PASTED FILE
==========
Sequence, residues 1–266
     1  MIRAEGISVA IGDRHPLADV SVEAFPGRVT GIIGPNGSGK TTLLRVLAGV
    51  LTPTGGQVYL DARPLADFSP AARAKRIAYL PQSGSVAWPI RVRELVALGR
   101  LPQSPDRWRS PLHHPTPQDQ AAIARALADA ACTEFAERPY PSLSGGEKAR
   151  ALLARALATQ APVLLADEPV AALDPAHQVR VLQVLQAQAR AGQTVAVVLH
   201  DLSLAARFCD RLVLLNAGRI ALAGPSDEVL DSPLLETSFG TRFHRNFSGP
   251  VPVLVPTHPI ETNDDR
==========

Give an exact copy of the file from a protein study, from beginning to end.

Sequence, residues 1–266
     1  MIRAEGISVA IGDRHPLADV SVEAFPGRVT GIIGPNGSGK TTLLRVLAGV
    51  LTPTGGQVYL DARPLADFSP AARAKRIAYL PQSGSVAWPI RVRELVALGR
   101  LPQSPDRWRS PLHHPTPQDQ AAIARALADA ACTEFAERPY PSLSGGEKAR
   151  ALLARALATQ APVLLADEPV AALDPAHQVR VLQVLQAQAR AGQTVAVVLH
   201  DLSLAARFCD RLVLLNAGRI ALAGPSDEVL DSPLLETSFG TRFHRNFSGP
   251  VPVLVPTHPI ETNDDR